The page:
Identify source devices and verify the authenticity of digital video files with Medex Forensics’ new patent-pending technology.
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Video Authentication and Source Classification
Medex is a patent-pending, new approach to examining video files that provides investigators and prosecutors new insight into digital video.
Our novel methodology helps answer questions about authenticity and file manipulation, as well as generational provenance, all from a singular video file.
Medex not only supports the analysis of cell phone, camcorder, or CCTV video, but can also examine video from a wide variety of cloud-based and streaming video services, such as YouTube, Facebook, or Instagram.
As a non-content video forensic tool, a Medex analysis is not affected by poor (or very good) video quality, making it a viable solution in examining all types of video from camera originals, to DVRs, to deepfakes.
Secure and User-friendly
With its intuitive, web-based interface, Medex is as simple as drag, drop, and discover.
Concerned about security? Medex is hosted on AWS GovCloud CJIS compliant infrastructure and does not retain or playback any submitted video files. Read Medex’s security pamphlet for more information about Medex’s SaaS security practices.
Medex Forensics is careful to ensure the integrity and authenticity of digital evidence processing to ensure our output can be trusted. We compute and store a forensic fingerprint of each evidence file we receive using an industry standard SHA hash function. We compute and validate this hash before and after upload to ensure no changes occurred during transmission to Medex.
Expert Customer Service
Don’t have a full-time forensic video/image analyst? No problem. Medex Forensics is happy to provide continuing case support and is ready not only to help interpret results but also to provide expert reports and testimony should the need arise. We offer these services all part of your Medex Basic or Medex Advanced annual license.
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Has this video been manipulated? Medex employs a series of proprietary testing algorithms to evaluate every file and report any potential manipulation or authenticity issues. Medex’s approach to evaluating manipulation is not tied to video content, but rather to a file’s internal structure; in other words, no matter how real the video looks, it can still be effectively evaluated.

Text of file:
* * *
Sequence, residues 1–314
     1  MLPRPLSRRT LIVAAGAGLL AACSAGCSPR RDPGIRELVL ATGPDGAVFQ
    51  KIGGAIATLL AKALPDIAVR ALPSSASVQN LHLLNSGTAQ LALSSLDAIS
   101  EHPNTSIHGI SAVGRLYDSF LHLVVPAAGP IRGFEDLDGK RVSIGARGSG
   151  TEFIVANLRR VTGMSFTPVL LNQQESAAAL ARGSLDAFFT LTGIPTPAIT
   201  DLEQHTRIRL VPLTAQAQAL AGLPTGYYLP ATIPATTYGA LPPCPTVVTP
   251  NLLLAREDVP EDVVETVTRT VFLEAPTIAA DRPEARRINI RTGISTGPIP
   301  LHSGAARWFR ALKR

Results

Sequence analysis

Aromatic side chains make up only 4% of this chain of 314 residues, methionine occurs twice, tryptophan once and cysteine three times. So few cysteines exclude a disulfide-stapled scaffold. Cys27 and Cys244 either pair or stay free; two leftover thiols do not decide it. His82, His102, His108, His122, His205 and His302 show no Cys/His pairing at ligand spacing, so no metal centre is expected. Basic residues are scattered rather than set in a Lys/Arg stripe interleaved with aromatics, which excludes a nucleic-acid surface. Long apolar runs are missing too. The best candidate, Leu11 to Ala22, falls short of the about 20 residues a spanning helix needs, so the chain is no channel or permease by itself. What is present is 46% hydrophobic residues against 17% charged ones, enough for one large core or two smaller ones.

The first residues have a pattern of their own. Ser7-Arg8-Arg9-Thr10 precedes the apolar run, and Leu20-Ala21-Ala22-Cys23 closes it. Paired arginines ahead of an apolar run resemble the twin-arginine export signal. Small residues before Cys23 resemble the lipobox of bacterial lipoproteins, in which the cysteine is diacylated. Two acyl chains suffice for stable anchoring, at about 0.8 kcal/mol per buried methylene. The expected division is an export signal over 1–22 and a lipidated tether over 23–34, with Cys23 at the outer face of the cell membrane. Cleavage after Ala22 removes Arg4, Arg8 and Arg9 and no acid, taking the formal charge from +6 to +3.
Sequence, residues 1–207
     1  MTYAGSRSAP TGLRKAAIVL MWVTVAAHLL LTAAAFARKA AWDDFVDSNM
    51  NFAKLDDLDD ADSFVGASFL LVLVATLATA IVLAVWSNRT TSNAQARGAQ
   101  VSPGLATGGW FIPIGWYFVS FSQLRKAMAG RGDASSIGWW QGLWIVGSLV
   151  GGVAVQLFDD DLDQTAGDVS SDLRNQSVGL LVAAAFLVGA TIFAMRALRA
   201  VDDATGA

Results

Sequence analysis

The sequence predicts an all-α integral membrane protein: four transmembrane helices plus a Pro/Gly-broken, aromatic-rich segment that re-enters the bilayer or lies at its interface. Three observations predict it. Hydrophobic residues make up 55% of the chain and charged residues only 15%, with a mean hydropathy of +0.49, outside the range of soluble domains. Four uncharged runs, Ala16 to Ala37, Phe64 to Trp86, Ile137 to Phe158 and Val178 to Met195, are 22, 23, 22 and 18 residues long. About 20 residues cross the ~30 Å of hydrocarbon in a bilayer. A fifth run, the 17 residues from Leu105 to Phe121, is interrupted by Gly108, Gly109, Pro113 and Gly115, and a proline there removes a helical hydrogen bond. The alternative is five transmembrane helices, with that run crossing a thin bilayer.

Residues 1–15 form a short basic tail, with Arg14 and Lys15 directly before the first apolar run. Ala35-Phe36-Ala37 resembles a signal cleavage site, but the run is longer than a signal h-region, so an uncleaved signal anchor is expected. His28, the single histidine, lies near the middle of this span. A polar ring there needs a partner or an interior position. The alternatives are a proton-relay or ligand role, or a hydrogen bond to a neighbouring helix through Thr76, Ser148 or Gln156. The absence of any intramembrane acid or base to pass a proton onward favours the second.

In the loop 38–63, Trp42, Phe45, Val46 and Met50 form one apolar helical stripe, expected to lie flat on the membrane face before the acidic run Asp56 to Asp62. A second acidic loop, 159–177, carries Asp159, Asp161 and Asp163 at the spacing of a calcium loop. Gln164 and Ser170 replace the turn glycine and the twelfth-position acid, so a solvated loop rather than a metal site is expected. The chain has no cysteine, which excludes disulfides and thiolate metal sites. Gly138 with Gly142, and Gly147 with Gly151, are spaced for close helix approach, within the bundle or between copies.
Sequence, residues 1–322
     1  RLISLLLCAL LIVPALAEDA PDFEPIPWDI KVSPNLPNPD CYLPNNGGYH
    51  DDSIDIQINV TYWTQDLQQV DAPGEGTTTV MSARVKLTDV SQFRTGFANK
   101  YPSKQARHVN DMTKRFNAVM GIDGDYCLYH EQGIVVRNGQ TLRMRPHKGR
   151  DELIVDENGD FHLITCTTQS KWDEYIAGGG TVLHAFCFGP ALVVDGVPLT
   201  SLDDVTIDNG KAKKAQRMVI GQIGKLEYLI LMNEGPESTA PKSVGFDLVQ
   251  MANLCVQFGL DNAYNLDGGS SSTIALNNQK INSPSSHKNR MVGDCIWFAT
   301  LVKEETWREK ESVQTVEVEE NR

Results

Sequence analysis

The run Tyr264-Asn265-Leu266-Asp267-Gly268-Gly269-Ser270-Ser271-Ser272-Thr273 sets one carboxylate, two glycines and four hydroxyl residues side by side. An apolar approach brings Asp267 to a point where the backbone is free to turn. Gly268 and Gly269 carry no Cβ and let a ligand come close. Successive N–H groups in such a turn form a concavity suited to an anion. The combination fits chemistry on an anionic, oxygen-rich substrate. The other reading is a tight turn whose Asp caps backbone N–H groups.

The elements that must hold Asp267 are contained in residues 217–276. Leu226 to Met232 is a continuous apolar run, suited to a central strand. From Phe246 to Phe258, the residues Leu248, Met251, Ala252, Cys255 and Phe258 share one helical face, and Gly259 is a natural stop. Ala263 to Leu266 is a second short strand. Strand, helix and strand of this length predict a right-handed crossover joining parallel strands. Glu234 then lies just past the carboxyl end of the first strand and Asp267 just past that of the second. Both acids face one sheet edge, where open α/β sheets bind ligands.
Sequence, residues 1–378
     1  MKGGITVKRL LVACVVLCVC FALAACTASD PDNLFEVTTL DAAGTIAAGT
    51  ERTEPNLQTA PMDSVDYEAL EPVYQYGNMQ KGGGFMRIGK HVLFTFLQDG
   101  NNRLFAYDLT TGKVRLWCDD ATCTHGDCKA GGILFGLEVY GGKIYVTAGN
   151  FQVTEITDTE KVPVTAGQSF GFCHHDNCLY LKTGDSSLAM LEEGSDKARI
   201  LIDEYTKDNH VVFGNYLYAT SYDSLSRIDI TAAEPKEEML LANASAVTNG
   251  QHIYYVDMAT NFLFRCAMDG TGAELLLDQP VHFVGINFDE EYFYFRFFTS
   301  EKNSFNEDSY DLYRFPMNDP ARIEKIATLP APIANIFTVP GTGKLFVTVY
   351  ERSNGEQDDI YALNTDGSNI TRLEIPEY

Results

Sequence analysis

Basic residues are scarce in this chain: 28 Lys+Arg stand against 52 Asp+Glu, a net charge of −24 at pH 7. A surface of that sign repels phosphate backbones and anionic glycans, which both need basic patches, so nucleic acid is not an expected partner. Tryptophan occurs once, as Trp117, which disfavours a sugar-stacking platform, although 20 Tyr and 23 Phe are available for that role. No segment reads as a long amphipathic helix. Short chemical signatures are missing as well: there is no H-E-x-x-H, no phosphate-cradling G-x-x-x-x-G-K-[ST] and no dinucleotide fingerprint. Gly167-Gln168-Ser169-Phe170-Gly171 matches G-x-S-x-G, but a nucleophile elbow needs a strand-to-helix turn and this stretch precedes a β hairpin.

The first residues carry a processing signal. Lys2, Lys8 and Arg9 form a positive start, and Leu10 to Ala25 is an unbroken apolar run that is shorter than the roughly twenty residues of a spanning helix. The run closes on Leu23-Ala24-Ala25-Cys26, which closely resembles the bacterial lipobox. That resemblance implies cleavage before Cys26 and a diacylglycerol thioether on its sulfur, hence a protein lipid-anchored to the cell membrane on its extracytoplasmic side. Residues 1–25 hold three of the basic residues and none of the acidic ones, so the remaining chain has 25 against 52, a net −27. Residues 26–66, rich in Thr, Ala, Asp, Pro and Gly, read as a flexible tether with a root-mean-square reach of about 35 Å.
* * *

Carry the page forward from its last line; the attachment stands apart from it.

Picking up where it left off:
Video Source and Generation Identification
Where did this video come from? How did it arrive on this device? Medex reveals the history of a video file’s lifespan. From the device that created it to how it arrived on your doorstep, Medex can identify the various devices, models, and software programs (including video editing tools) that the file passed through. Medex has been proven effective on video files from cell phones, camcorders, CCTV systems, and the cloud, only using a singular video file for analysis.
Individual Video Recovery
How do I obtain this singular video? Patrol officers and investigators are often tasked with obtaining a singular video of interest from a witness or victim’s cell phone. Do they take the phone for forensic analysis, depriving the owner of their phone for days, or do they have the victim/witness email the file directly to them, potentially opening an avenue to challenge authenticity? With Medex, singular files can be transmitted (email, DropBox, Google Drive, file sharing platform, etc.), evaluated for manipulation, and tied to a source model with specific attributes, thereby offering an alternative to forensically acquiring the entirety of a device when only a single video is sought.
Every Case Starts Off as a Research Project
What system recorded this file? Am I dealing with original evidence? Video analysts know that having information about the recording system and evidence files can be the key to success, although obtaining this information can be difficult if the video was retrieved by someone else. Medex will help to quickly answer these questions, allowing the analyst to gain insight into the files in front of them.
ICAC / CSAM investigations
Nonconsensual image sharing (revenge porn) investigations
Copy single (or multiple) cell phone video files without the need to acquire the entire device
Authenticating videos obtained from unknown sources (e.g., anonymous tips)
Downloading social media video
Identifying deepfake videos
Medex Forensics understands that complex digital video files can generate complex answers. We believe that effective training can allow investigators and forensic examiners to get the most accurate and useful results out of the Medex software application. Our training offerings are designed to provide a designated audience an accurate understanding of device source and generational classification/authentication concepts, as well as a competency for using Medex in a variety of practical and common scenarios.
Training (1 Day)